Nelson Mandela once said, "If you talk to a man in a language he understands, that goes to his head. If you talk to him in his language, that goes to his heart." Languages have served to help Trevor bridge the race gap, cross boundaries and navigate the world. As far as I am concerned, languages pave a path to different cultures and shapes me into a better candidate for practicing law.
I am a multilingual speaker of sorts. My mother languages are Mandarin and Shanghainese. I have acquired fluency in English and Korean as well as intermediate level in Spanish. I was once in the middle of an interview in a law firm, peppered with questions like, "What do you think makes you special? " "Why should we choose you over others who have similar backgrounds?" "Well, I can also speak Korean and a little Spanish" Darting over the countenance of the interviewers, I knew that I had screwed up the interview. One of the interviewers said it word for word "Okay, but that's not what we need." Upon reflection, if given another chance to reply, I would say that law, at its core, is the study of language and the in this sense, being multilingual gives me an edge over other competitors in the field of law.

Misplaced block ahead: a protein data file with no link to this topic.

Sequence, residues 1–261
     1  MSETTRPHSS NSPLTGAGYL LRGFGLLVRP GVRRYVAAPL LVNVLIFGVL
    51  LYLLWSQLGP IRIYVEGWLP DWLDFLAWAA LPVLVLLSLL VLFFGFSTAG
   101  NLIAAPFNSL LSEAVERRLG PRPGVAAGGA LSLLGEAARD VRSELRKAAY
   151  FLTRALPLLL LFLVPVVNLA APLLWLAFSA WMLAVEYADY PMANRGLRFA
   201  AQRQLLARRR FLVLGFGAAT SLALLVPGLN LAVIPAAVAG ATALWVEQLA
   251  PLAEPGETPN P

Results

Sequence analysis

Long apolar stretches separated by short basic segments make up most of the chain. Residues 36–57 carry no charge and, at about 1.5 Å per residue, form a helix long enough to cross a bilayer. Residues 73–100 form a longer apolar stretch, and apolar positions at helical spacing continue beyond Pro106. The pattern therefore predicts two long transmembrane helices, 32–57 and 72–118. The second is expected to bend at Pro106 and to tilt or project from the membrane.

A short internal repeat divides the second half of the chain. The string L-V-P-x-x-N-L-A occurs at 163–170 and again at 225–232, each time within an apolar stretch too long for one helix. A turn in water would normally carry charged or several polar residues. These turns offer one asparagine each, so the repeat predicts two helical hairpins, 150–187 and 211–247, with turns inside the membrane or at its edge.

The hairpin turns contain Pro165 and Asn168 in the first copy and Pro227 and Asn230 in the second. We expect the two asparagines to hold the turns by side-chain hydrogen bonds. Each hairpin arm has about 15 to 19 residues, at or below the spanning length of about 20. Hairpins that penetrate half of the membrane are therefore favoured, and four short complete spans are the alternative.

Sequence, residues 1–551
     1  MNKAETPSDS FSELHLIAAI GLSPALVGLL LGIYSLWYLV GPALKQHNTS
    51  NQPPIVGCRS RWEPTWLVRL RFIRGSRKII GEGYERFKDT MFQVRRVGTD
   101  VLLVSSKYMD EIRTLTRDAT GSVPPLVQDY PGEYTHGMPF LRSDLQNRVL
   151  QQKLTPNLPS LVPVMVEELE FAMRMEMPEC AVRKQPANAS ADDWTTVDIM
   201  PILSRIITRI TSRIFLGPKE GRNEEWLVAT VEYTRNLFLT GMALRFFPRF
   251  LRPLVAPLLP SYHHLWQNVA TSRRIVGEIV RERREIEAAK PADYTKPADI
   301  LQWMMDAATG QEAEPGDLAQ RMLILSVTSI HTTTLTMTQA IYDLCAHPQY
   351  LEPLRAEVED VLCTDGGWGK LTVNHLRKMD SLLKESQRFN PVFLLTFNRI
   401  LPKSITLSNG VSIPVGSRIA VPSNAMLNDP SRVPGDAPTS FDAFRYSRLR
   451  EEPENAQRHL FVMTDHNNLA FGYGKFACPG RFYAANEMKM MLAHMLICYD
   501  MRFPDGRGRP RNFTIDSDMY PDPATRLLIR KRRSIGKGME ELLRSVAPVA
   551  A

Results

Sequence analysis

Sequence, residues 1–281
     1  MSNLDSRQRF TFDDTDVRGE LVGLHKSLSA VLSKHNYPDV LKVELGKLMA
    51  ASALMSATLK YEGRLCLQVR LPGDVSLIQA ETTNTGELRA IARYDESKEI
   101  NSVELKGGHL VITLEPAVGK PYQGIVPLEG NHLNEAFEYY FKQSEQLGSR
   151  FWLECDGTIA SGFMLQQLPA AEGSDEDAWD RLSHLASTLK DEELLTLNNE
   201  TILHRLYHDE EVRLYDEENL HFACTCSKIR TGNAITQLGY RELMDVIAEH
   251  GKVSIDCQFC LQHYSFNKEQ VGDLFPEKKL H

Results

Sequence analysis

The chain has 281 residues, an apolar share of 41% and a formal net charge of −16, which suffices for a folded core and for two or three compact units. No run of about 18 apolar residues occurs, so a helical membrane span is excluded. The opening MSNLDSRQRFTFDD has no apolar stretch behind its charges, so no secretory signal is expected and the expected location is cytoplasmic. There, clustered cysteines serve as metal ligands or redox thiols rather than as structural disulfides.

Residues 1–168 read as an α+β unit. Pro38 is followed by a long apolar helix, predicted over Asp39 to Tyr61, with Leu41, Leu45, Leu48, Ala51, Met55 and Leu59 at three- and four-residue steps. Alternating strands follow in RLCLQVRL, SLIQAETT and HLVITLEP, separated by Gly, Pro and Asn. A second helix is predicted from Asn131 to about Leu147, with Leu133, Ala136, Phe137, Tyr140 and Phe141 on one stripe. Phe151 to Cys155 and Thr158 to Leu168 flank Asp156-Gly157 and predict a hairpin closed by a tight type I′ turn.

I have viewed language as the vehicle for transmission of different cultures, the medium of expression for different thoughts and the basis for human society. I am enchanted by foreign languages as disparate as English, Korean and Spanish, which have given me a window into other cultures and taught me to value the shared, profound humanity. Law in essence is the study of the way languages can be used to establish and modify the framework for human interactions. The law codify the rules through language and use it as a tool to change society.